Yet developing trust in the radically interconnected and rapidly evolving global economy requires going back to basics. Nothing beats the power of face-to-face interactions for building trust, and in a working world that is becoming faster, more disparate and more digitalised all the time, getting that face time isn’t always easy. 

So, what can employers do to create a more trusting – and therefore all-round healthier – organisation? Choice and control over the workspace: Trusting and empowering people to work where, when and how they want is an essential first step to building greater trust in the workplace. Employees should be supported in how they do their best work, including working flexibly and being able to customise and personalise their workspace as they choose.

Design for transparency: Encourage a flat, organic structure that makes it easy to share information, ideas and feelings between people at the same level, and that allows for free-flowing communication between managers and subordinates, such that the latter feel heard and empowered. Ensure everybody in the organization is visible and accessible through workplace design, culture and open, honest communication. 

Encourage connections: Help employees to meet face to face and eye to eye, in order to build trust and relationships with their colleagues. Provide spaces where individuals can talk and connect in person rather than via digital devices. Design the workplace to maximise movement, interactions and collaboration. 

A range of spaces: People need to be comfortable to express their true selves, and work in an environment that suits their mood at any given time. Employers can support this by providing spaces for different needs, including quiet, individual time, as well as communal spaces for socialising and idea generation. Incorporating spaces with a home-like feel helps people to feel comfortable.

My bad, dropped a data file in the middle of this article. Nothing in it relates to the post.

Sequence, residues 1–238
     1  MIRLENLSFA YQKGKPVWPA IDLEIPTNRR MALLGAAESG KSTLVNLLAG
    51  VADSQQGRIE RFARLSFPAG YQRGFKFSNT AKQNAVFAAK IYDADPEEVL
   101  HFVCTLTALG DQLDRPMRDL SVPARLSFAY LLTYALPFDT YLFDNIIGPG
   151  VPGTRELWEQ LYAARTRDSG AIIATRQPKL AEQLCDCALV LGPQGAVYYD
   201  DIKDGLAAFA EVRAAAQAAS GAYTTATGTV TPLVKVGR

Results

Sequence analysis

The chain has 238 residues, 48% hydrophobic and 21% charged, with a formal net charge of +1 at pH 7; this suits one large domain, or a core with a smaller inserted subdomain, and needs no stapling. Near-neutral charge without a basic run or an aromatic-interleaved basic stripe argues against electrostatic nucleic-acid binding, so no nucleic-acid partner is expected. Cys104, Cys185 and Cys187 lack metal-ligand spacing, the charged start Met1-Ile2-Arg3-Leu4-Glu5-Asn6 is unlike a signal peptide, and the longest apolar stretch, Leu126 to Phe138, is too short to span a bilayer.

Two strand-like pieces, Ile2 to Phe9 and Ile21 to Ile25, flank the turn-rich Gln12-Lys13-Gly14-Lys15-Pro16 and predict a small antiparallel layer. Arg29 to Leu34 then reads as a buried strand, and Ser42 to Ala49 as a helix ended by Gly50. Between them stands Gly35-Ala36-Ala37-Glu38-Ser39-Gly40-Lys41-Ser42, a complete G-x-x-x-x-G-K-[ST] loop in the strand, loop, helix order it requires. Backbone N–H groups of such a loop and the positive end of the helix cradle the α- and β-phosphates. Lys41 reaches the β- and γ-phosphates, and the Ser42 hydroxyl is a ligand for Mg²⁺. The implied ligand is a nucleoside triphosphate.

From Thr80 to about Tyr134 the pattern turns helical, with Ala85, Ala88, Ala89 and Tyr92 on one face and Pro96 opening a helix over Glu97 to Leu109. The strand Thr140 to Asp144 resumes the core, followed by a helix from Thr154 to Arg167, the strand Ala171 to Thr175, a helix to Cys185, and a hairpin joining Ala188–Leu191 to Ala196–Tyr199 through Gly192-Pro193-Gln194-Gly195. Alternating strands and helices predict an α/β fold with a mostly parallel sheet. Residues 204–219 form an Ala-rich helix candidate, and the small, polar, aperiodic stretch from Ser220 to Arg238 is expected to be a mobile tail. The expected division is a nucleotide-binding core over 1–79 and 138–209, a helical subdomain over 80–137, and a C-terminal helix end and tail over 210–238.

Reinforce the brand and purpose: A feeling of purpose can be aided by constantly reinforcing the brand and culture, so that all employees feel a sense of meaning and are united behind a common mission. This can be done both in virtual and physical ways, for example with signage that reminds staff of the brand, purpose, history and culture of the company, as well as regular positive messages from leadership.

Clearly, engaging the body in movement is also essential for supporting physical and mental vigour at work, which is why all these factors should naturally be supported with physical wellbeing policies and initiatives. 

Ensure employees are kept active and healthy with easily adjustable furniture to fit a range of sizes, needs and preferences. Encourage cycling with bike racks and develop outdoor walking paths if possible. It can also be hugely beneficial to bring the nature in through plants, daylight and views. Introducing healthy choices in the work café is also a no-brainer. 

But to look at wellbeing purely as exercise, healthy eating and so on, is to miss the point. Poor physical health is usually a symptom of something that goes much deeper, and true wellbeing starts from within. Employers must therefore look deep inside themselves if they want to feel all the benefits of a healthy workforce. Superficial wellbeing initiatives won’t bring lasting change. Only by building a sense of trust, authenticity and purpose to everything they do, can organisations maintain their healthy glow – and ensure it sticks around for the long-term.